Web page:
ated using the estimated total
kilometers travelled by articulated trucks and the total number of crashes involving
articulated trucks in 1996. The exposures for a truck that travels 100,000 km per
annum are:


Fatal crashes:



0.33%


(1 in 303)

Serious inj
ury crashes:


1.0%


(1 in 100)

All reported crashes:


13.2%


(1 in 8)


It is assumed that use of Antilock brakes on all parts of a heavy articulated truck
will potentially reduce crash cost exposure by 6.1%. This value is taken from the
NRTC’s 1996 study i
nto ABS. It is conservative when compared with the 8% used
by the US Highways Administration in their studies. It was also assumed that a
potential reduction in crash cost exposure of 3.05% will result if ABS is fitted to
the motive vehicle only.


Tyre Wea
r Savings:
It is estimated that the 5% tyre wear savings from ABS use
will occur. For vehicles that travel 100,000 km per annum this amounts to $360 for
a
B
-
double
, $275 for a semi
-
trailer and $720 for an
A
-
double

Road Train. Potential
redu
ctions in suspension wear may also exist but have not been quantified nor
included in the analysis.



(Quoted values are in 2003 dollars unless otherwise indicated)


Weight and Fuel Costs:
The opportunity costs due to payload displacement by the
ABS syst
em is estimated to be $100 per annum for a single and $120 p.a. for a
double combination vehicle that travels 100,000 km per annum. The added fuel
usage attributable to the ABS weight is $10 for a single, $15 for a
B
-
double

and
$20 for a Road Trai
n
A
-
double
.


Maintenance Costs:
Based upon NRTC estimates (1996) the assumed
maintenance costs are $132 p.a. for a prime
-
mover and $153 p.a. for a trailer ABS
system. It is likely that many ABS systems have active (wheel
-
sensor) faults and
that som
e benefits are consequently lost. To test the sensitivity to maintenance
costs, the analysis firstly assumes that half of the above
-
mentioned maintenance
costs are expended and that the crash
-
cost and tyre
-
wear savings benefits are
Prime Mover Ratings Project Stage 3 Report: ABS Braking Requirements Page





4

reduced to 80%. Secondly

the analysis is repeated for full maintenance costs and
full benefits.


Installation Costs:

The installed costs of ABS have reduced
since
the NRTC’s
ABS studies of 1994 and 1996. The cost reductions have occurred because ABS
has been mandated in bo
th Europe and North America so supply efficiencies have
increased. Trailer ABS system costs have also reduced on average because single
modulator valve systems, which have lower costs have been commonly applied.
The average installation costs are assumed t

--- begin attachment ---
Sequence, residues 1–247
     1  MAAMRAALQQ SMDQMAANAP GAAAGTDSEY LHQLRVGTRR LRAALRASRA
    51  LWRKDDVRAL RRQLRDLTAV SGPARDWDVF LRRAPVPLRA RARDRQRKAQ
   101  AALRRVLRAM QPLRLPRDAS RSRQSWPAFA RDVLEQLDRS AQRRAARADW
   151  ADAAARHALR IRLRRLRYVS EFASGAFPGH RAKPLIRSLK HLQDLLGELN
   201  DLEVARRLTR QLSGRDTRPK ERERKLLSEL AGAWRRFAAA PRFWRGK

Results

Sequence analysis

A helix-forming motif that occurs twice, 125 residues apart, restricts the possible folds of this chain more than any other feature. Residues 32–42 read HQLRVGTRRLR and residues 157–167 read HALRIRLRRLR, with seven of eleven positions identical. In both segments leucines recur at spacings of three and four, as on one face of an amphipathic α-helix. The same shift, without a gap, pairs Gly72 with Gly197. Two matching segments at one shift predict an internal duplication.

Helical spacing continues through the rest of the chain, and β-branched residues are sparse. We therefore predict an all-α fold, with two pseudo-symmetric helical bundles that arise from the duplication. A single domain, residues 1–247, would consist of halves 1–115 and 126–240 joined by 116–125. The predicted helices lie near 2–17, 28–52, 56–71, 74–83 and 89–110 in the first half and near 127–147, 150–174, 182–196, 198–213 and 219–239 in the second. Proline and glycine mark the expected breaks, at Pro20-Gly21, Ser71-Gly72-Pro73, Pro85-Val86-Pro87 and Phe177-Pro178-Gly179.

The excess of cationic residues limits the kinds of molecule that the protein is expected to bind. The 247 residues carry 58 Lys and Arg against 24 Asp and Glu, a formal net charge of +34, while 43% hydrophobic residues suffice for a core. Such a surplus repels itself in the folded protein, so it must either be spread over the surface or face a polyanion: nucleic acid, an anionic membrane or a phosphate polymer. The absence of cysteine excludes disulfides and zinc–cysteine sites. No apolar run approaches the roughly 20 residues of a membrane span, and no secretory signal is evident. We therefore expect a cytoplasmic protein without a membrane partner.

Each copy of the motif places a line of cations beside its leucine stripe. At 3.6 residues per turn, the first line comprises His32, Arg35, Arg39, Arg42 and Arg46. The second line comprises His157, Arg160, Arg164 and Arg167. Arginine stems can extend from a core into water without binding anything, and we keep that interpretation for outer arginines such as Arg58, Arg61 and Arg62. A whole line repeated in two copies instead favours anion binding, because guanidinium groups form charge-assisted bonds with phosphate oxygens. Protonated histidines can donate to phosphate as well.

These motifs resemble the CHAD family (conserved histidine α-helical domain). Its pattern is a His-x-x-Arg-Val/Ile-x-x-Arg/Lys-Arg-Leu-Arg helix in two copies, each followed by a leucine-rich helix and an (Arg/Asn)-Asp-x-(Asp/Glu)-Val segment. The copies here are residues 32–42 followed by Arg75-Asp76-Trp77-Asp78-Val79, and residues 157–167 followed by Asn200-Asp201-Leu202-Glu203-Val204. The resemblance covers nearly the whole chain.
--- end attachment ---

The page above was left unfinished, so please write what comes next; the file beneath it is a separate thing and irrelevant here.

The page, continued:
o be $4,500 for a motive vehicle, $500
for trailer connections and $4,000 for trailer ABS.


The economic analysis shows that an Antilock Braking System has a positive cost
-
benefit on single combinations and a negative cost
-
benefit on
B
-
double

and R
oad
Train
A
-
double

combinations. If ABS is only fitted to the motive vehicle then the
cost
-
benefit of ABS is positive for all types of articulated combinations.


The cost
-
benefits become more favourable on vehicles that travel greater than average

distances. A
B
-
double

that travels 200,000 km for 5 years and 100,000 km for the
following ten years (which is a common application) has close to a break
-
even ABS
cost
-
benefit.


The sensitivity to maintenance costs shows that the cost
-
benefits red
uce when full
maintenance costs are expended (which leads to full potential benefits being realized).
The additional benefits achieved do not outweigh the additional costs.


The main recommendation from the project is that ABS be mandated on all new
prime
-
movers and on all parts of a combination vehicle involving a road tank vehicle
that is carrying dangerous goods. That is, the existing requirements for ABS on a
B
-
double

should be applied generally to all articulated vehicle types.


Since the NRT
C’s investigations into ABS in 1994 and 1996 significant changes in
the ABS ‘climate’ have occurred. ABS is now mandated on new heavy trucks in both
the European Union and North America. It is now common for new prime
-
movers in
Australia to have ABS as sta
ndard fitment. About 60% of new Australian prime
-
movers are sold with ABS. Consequently the installation costs have fallen. There is
now a significant experience of ABS in Australia and may early problems have been
overcome. However, Australia is a hard pr
oving ground for truck systems and the
continuing level of wheel
-
sensor problems reflects the harsh road conditions. The
BTREs estimates of the cost of crashes has been substantially revised upwards and
this has greatly increased the potential benefits fro
m using ABS and is the main factor
in making the economics of ABS more favourable than in the NRTCs studies.


Several commentators have called for urgent revision of Australian Design Rules
35/01 and 38/02 so as to improve the inherent level of brake balan
ce between motive
vehicles and trailers, particularly in the lightly laden state. It is likely for example, that